We continue to eat, the contents of my plate constantly being replenished as they bring forth a seemingly endless array of food. They insist I try everything, and I do, for the most part. I avoid the things I have tested before (or should I say detested…), chicken feet were never a favorite of mine, nor pig knuckles. Chinese food can be quite messy for the novice and is still nearly impossible for me to eat gracefully as many dishes are very slimy, greasy or too big to eat in one bite (a challenge when using only chopsticks). Even though my chopsticks skills are much improved, I still feel clumsy eating in front of Chinese people.

We continue to toast and as drink levels get low Mr. Fune signals for more beer, pointing at me saying, “Ladies first.”

Despite my small size, I’ve always managed to hold my own when it comes to putting back beer. I keep my composure and graciously accept more beer as they top off my glass. I know they were judging, evaluating me the entire meal and I wanted to remain professional, but also relaxed and witty, comfortable dealing with them and not intimidated. I was, after all, a very young professional woman all alone in the depths of China just learning the ropes of the way things worked doing business out here. I had no mentor at this point, no act to follow, I was learning the dance right there at the ball.

After all the food had been brought out and I took a big gulp of beer, our factory guide suddenly said “Yum sing!” He slammed his half-filled glass down on the table and stood up ready to cheers- everyone followed suite, touching their glass to the center and raising it upward. We clinked a final time and I drank, watching Mr. Fune and our guide finish off their beer. I had never hear “yum sing” before, and although I assumed what it meant, I didn’t want to mistakenly chug my beer. Instead, I took a big gulp and looked at them questioningly.

“Oh, you don’t know.” Jimmy said and gestured to finish it. I smiled and said, “Oh, down the hatch!”, raise my glass and finished my the rest of my beer in one gulp- they all clapped and cheered.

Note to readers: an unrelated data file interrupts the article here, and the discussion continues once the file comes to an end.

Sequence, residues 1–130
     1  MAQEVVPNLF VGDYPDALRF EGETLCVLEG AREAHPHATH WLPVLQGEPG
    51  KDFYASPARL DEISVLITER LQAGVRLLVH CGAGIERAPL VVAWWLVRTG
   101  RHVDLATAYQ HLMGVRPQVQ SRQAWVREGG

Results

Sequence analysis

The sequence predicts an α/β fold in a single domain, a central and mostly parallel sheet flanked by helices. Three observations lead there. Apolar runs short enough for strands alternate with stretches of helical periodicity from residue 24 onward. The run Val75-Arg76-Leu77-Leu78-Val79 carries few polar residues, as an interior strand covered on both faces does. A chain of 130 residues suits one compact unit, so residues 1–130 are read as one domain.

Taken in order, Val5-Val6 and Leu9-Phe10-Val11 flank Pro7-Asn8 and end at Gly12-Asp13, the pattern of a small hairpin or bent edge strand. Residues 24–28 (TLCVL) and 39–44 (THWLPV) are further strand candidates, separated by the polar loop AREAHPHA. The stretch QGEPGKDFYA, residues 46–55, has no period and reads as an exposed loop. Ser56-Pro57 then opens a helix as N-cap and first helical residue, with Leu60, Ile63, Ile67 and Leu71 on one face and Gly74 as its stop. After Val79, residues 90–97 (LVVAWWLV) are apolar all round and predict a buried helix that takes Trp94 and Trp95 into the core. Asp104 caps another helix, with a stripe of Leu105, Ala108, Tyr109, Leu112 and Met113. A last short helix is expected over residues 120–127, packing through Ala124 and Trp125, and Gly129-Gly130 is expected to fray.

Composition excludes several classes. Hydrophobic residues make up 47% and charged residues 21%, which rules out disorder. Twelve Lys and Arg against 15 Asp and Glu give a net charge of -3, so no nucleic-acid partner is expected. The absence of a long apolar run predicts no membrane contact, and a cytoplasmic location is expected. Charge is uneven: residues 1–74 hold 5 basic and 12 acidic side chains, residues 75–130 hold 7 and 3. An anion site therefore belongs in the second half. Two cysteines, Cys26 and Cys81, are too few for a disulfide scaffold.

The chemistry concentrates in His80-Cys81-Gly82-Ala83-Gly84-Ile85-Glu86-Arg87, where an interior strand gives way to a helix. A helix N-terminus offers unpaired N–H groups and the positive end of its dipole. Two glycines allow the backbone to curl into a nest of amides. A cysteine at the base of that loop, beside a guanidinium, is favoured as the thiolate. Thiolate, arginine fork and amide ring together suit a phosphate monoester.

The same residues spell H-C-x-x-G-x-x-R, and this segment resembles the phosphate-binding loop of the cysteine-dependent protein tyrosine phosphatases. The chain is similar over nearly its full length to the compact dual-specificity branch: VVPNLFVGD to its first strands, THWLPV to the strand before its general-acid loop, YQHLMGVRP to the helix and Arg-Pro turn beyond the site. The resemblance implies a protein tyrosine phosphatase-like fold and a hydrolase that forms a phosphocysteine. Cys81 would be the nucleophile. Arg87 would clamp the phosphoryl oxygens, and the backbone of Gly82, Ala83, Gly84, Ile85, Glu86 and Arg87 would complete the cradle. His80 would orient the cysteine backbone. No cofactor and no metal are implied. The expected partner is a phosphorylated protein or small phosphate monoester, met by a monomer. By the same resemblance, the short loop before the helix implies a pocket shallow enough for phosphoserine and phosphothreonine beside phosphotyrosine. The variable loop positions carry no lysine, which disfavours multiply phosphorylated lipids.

As we sat around the table nibbling on the fruit platter I see Mr. Fune gesture toward me, look at James, smile and give an approving thumbs up. I have no idea what it really meant, but I had passed exceeded some expectation, passed some test, and came out with camaraderie on my side. I am still buzzing from this day as I jot this story down, oh what an experience every day is over here!!

I pulled this tale from one of my journals I kept through 2006-2007, as my early education of business abroad was reaching new heights. I went on to continue working with this factory for several months, and my engagement with factory management was starkly different after this lunch. The selective English of Mr. Fune suddenly became more conversational English, and we ended up working closely together to solve problems and figure out solutions that came up when we hit production barriers. I never did end up divulging my age to him, which at the time was a nice young 23. He never again asked.

Through all of the years I’ve spent in so many different working environments across various countries and cultures, maintaining a genuine sense of humor has always managed to defy the boundaries of cultural stereotypes and judgement. Simple interactions involving joy and laughter go an incredibly long way when we embrace and engage cultures and people different from those we already know, as well as embracing new situations and challenging circumstances. What a beautiful gift we all have within us, the capacity to laugh with one another. It also doesn’t hurt to be able to hold your own when the beer comes out 😉

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Documenting my adventures while living and working in China